Four alternatives to consider for Pasadena’s future, and four opportunities to voice an opinion. Pasadena’s next step in the process of revising its General Plan comes this month, in four public forums and a survey process. At the end of the process, the city will update its Pasadena’s General Plan Land Use and Mobility Chapters. The Land Use Chapter specifies the acceptable locations for development, as well as the types of building that will be allowed, and the Mobility Chapter contains strategies to safely and efficiently move people and goods within Pasadena.
During an upcoming series of workshops, Pasadenans can learn about each of the four development proposals and the affect they would have on jobs, housing, traffic, greenhouse gas emissions and more. The workshops will include exhibits, presentations on the alternatives and an opportunity to ask questions of those who drafted the plans. After considering the options, residents and business owners can take part in an online survey (found here). The survey will be live until July 8.
Here’s a quick look at the proposals up for debate:
—Alternative A calls for growth to be diverted from the Central District and placed toward East Pasadena and other business areas, including South Fair Oaks. It would encourage mixed-used housing and commercial development along major streets outside of the Central District.
—Alternative B focuses on maximizing economic vitality by allowing new buildings in all areas, with the assumption that such development would create new jobs.
—Alternative C calls for “smart growth” and transit villages along transportation lines like the Gold Line and major intersections where services, shopping and businesses already exist.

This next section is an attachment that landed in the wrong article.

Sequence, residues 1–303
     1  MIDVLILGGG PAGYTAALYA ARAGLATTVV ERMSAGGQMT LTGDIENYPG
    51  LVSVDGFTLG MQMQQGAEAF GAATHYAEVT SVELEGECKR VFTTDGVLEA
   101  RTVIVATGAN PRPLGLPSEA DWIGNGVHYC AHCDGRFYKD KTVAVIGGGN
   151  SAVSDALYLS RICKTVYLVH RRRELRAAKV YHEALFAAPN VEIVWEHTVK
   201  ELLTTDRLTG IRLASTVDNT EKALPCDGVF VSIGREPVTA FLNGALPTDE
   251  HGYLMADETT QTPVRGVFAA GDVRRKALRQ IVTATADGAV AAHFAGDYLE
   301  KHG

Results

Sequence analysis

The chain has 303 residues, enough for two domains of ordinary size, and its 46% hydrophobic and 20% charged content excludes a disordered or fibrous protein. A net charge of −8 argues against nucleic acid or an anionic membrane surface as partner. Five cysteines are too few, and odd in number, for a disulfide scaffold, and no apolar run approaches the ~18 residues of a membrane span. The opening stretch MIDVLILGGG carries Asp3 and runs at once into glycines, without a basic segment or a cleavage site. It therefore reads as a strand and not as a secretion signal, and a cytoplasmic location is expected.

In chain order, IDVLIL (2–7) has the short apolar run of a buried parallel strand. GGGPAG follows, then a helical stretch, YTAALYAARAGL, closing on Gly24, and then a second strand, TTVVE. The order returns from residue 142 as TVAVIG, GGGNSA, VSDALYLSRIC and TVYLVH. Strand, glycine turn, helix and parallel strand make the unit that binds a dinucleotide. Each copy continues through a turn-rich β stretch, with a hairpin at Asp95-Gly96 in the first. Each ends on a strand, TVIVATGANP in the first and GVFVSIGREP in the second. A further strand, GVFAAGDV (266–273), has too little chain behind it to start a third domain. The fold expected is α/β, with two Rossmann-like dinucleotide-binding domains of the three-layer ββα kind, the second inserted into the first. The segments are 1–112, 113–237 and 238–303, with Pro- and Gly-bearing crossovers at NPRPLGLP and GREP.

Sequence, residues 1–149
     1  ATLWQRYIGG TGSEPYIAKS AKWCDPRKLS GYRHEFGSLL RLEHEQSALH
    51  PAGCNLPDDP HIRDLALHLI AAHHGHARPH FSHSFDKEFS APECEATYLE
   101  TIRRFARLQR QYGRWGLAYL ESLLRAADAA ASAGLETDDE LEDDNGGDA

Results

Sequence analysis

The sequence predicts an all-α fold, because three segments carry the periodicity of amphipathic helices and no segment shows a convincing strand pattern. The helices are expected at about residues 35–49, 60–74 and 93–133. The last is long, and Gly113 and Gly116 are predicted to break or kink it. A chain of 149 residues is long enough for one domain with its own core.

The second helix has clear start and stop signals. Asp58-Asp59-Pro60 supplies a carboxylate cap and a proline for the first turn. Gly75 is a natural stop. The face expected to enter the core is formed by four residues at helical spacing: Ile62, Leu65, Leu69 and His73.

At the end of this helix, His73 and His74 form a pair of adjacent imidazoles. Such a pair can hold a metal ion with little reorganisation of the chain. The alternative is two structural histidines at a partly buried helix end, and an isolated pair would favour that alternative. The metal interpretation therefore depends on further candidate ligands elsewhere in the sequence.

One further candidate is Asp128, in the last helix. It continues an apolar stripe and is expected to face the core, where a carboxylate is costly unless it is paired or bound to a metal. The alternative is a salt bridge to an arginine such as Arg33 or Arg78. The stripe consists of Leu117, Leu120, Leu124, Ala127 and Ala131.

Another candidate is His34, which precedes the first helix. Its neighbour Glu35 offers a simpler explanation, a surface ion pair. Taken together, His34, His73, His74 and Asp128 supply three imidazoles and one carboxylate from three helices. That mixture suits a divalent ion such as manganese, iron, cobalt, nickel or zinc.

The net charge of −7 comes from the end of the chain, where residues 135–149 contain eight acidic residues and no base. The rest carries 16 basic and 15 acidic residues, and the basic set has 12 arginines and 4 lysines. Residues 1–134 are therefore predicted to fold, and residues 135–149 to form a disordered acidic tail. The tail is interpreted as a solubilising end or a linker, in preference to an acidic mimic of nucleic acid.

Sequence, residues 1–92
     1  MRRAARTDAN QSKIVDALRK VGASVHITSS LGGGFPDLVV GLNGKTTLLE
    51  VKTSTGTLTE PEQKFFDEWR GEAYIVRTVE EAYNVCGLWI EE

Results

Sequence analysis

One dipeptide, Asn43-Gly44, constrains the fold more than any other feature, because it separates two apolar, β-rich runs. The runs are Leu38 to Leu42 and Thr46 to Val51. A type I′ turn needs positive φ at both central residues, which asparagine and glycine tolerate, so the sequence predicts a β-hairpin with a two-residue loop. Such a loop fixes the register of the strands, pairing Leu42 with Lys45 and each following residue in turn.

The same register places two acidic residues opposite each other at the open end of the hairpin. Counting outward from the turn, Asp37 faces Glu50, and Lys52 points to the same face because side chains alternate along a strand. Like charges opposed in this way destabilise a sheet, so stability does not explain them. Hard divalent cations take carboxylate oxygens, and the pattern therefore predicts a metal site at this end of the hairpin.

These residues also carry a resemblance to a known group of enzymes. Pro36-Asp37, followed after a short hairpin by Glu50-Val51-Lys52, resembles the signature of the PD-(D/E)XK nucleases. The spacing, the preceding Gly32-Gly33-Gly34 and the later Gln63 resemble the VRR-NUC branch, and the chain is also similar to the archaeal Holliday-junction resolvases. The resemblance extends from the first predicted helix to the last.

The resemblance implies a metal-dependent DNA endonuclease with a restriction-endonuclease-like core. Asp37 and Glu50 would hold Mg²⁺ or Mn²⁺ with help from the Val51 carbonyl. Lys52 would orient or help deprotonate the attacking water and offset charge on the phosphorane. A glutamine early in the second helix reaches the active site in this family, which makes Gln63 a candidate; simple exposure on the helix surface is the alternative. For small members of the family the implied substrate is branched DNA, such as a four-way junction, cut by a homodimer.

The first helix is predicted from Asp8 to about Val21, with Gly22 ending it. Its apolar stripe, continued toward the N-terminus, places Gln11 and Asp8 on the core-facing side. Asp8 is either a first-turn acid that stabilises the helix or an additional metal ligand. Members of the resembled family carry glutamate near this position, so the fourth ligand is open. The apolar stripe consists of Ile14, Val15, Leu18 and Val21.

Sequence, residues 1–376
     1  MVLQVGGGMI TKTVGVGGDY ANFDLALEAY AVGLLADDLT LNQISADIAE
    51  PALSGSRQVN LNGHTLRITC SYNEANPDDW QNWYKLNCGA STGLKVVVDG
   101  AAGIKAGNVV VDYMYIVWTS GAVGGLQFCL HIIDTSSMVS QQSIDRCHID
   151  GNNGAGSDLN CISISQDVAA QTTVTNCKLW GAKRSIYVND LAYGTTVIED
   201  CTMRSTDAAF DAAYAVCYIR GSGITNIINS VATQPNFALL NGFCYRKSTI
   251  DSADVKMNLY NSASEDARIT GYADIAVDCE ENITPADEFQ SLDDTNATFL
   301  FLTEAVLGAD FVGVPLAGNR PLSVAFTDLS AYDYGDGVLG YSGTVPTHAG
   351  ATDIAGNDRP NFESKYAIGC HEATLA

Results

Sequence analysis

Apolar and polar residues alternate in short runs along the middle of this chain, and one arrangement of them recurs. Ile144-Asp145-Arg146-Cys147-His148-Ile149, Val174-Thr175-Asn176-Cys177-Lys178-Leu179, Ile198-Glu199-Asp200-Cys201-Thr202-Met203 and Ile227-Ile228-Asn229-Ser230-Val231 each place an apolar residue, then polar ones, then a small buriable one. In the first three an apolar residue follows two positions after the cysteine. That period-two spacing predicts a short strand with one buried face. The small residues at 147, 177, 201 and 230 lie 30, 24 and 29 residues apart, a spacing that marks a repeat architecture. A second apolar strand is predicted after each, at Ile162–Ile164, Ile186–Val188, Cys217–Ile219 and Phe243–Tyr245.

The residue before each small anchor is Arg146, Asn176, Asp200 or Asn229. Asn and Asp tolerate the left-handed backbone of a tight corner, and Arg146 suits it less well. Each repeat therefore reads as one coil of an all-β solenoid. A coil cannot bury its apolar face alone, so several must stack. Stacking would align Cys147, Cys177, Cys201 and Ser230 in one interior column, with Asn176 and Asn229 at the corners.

—Lastly, Alternative D, seemingly the simplest of the four, calls for slowing growth citywide, with building limits of two to three stories and reductions in the amount of units allowed in new residential buildings. This plan operates under the assumption that the city is suffering from excess development that is resulting in traffic, a decrease in civic character, and impaired mountain views.
You can get more details on the proposals by clicking here.
This fall, with community input, the refined concept plan and analysis of the survey results will be presented during public hearings with advisory commissions. The final recommended concept plan will be presented to the Pasadena City Council by the end of the year, followed by a six-month environmental impact report process. Whether you want to see future growth in the beloved Old Pasadena area or encourage a new “neighborhood village” on North Lake and East Washington, attend a workshop and be a part of the change.
Four Alternatives to Consider for Pasadena’s Future
Questions? Call 626.744.6807
Thursday, June 16, 6:30-8:30 p.m.
Cafeteria at John Muir High School: 1905 Lincoln Ave.
Thursday, June 23, 2:30-4 p.m.
Creveling Lounge at Pasadena City College: 1570 E. Colorado Blvd.
Saturday, June 25, 9:30-11:30 a.m.
Auditorium at Madison Elementary School: 515 E. Ashtabula St.
Tuesday, June 28, 6:30-8:30 p.m.
John Scott Multipurpose Room at Community Education Center: 3035 E. Foothill Blvd.